The candidate, a clinical health psychologist, seeks to develop her career into that of an independent investigator performing clinical research with patients with hepatitis C viral (HCV) infection who are undergoing antiviral therapy. The prevalence of mental health disorders in patients with HCV, coupled with the adverse side effects of antiviral therapy, underscores the need for research to develop behavioral programs that can target these issues. The candidate's long-term career goal is to (1) develop psychosocial interventions that enhance HCV treatment outcomes by improving medication-taking adherence and side effect management of neuropsychiatric and other antiviral side effects;and (2) evaluate these interventions in methodologically-robust randomized controlled trials. The mentored research project in this proposal fits into this overarching research program by conducting a pilot feasibility study to adapt and test an intervention to tackle two common challenges of antiviral therapy-depression and nonadherence. The study will be conducted in two phases: first, the Cognitive-Behavioral Treatment for Adherence and Depression (CBT-AD) for HIV intervention will be adapted to meet the needs of HCV patients on antiviral therapy;and second, the new CBT-AD for HCV intervention will be piloted with a sample of patients undergoing antiviral therapy in a small randomized clinical trial to examine feasibility, acceptability, and effect size estimates. The data will demonstrate that conducting group intervention protocols and testing them in clinical trials is feasible and acceptable to patients, and will provide preliminary data to conduct a large, multisite efficacy trial. To acquire the new knowledge and skills to achieve these long-term goals, a four year career and research development plan is proposed. The candidate will receive closely mentored research training by a team of experts in HCV treatment, adherence, behavioral interventions, and randomized clinical trials. Conducting research, under close supervision of mentors, will provide a critical training vehicle for the candidate to develop skills in qualitative methodology, intervention development, and clinical trial conduct. This hands-on training will be augmented by didactics and intensive training workshops led by experts in intervention development and clinical trials. A career advisory board, comprised of national and local experts, has been assembled to provide annual review of the candidate's progress. If funded by the NIDDK, this K23 award will serve as the platform from which to launch a program of research that applies behavioral and psychological knowledge and techniques to improve the treatment outcomes of patients with HCV. The career development, training plan, and research activities proposed by the candidate will be conducted through the UNC Liver Program, a well-established program devoted to exceptional patient care and state-of-the-art clinical research in antiviral therapy for HCV. The candidate is also surrounded by an outstanding institutional environment and resources at UNC to acquire the clinical research and academic skills needed to become an independent and successful, NIH clinical investigator.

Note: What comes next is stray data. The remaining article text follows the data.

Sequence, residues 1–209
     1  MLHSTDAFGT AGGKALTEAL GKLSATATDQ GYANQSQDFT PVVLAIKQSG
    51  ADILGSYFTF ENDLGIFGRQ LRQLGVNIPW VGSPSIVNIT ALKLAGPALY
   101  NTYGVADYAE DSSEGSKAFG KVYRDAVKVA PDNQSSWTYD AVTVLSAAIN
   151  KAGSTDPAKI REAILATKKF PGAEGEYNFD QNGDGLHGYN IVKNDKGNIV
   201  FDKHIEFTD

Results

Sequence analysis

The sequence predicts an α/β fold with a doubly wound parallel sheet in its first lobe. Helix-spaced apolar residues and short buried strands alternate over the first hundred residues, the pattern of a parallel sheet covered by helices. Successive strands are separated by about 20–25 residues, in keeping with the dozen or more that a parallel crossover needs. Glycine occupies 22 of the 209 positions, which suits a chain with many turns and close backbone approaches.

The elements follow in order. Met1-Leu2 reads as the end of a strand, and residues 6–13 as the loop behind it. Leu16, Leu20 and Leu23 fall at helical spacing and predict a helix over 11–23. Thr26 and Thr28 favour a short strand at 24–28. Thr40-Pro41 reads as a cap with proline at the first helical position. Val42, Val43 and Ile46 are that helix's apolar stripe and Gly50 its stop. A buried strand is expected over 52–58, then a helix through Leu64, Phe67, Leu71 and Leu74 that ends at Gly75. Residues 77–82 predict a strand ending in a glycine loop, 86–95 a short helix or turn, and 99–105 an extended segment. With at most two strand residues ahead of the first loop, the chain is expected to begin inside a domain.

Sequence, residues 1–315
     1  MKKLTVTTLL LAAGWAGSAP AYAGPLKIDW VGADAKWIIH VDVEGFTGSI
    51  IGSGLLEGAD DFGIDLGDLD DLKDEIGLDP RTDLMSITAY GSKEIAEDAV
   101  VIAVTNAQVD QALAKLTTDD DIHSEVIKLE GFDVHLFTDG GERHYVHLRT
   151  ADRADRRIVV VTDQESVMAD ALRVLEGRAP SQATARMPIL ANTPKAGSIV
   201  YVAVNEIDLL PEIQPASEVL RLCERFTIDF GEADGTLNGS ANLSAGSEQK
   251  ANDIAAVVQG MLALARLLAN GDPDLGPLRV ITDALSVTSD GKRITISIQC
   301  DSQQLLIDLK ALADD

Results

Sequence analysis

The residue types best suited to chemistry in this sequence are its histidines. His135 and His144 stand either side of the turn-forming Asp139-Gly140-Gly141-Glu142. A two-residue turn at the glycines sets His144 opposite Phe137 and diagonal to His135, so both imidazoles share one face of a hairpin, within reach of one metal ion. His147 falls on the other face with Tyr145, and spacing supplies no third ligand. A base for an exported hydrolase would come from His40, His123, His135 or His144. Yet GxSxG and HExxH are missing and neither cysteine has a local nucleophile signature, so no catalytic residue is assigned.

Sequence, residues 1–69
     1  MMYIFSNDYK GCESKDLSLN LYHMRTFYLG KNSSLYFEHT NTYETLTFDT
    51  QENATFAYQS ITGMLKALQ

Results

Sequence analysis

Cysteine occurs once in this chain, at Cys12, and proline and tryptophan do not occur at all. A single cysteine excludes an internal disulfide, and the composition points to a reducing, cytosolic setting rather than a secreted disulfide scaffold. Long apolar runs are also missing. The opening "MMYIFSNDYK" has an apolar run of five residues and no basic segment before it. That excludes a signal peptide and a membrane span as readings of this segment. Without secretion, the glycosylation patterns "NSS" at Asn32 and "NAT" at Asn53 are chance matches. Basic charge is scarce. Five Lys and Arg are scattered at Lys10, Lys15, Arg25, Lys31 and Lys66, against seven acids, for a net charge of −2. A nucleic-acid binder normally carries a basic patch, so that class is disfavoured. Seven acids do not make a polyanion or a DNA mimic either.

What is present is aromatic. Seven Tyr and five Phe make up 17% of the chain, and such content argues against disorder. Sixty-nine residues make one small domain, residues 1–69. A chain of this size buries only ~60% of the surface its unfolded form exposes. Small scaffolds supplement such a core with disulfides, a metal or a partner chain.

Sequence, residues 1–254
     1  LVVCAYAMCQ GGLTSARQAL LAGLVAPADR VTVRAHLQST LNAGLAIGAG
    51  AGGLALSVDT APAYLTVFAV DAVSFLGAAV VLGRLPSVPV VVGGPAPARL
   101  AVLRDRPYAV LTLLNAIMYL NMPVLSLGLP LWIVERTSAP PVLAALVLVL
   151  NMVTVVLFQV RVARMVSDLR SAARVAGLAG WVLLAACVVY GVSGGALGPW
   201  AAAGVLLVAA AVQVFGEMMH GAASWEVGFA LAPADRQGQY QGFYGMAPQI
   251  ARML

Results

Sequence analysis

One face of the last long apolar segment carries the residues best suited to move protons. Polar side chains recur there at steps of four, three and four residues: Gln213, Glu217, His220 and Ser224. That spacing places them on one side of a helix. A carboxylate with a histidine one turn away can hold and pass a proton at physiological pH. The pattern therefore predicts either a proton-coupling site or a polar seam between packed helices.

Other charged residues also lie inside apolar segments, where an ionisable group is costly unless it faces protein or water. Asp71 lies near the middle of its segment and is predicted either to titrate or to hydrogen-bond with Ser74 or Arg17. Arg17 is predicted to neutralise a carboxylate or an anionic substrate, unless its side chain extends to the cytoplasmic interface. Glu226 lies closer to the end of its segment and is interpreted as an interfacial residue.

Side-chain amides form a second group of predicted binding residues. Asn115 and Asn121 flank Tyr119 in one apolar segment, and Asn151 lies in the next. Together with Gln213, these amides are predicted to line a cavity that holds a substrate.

Chronic hepatitis C viral (HCV) infection affects nearly 4 million Americans, leading to advanced liver damage and cancer, killing 10,000 Americans each year, and costing our country $700 million dollars each year in healthcare costs. From a public health perspective, it is critical that all persons infected with HCV have the opportunity to successfully complete medical treatment that can cure HCV, and prevent advanced liver problems, deaths, and high healthcare costs. The goal of this project is to develop and test an intervention to treat depressive symptoms and adherence problems, two major challenges to HCV medical treatment, which may, in turn, increase treatment success rates.
|Evon, Donna M; Golin, Carol E; Bonner, Jason E et al. (2015) Adherence during antiviral treatment regimens for chronic hepatitis C: a qualitative study of patient-reported facilitators and barriers. J Clin Gastroenterol 49:e41-50|
|Evon, D M; Esserman, D E; Howell, M A et al. (2014) Pegylated interferon pharmacokinetics and self-reported depressive symptoms during antiviral treatment for chronic hepatitis C. Pharmacopsychiatry 47:195-201|
|Evon, Donna M (2014) Incorporating patient-reported outcomes into hepatitis C virus treatment studies. Clin Gastroenterol Hepatol 12:1360-2|
|Evon, D M; Esserman, D A; Bonner, J E et al. (2013) Adherence to PEG/ribavirin treatment for chronic hepatitis C: prevalence, patterns, and predictors of missed doses and nonpersistence. J Viral Hepat 20:536-49|
|Bonner, J E; Esserman, D; Evon, D M (2012) Reliability and validity of a self-efficacy instrument for hepatitis C antiviral treatment regimens. J Viral Hepat 19:316-26|
|Bonner, Jason E; Barritt 4th, A Sidney; Fried, Michael W et al. (2012) Tangible resources for preparing patients for antiviral therapy for chronic hepatitis C. Dig Dis Sci 57:1439-44|
|Bonner, Jason E; Barritt 4th, A Sidney; Fried, Michael W et al. (2012) Time to rethink antiviral treatment for hepatitis C in patients with coexisting mental health/substance abuse issues. Dig Dis Sci 57:1469-74|
|Evon, Donna M; Esserman, Denise A; Ramcharran, Darmendra et al. (2011) Social support and clinical outcomes during antiviral therapy for chronic hepatitis C. J Psychosom Res 71:349-56|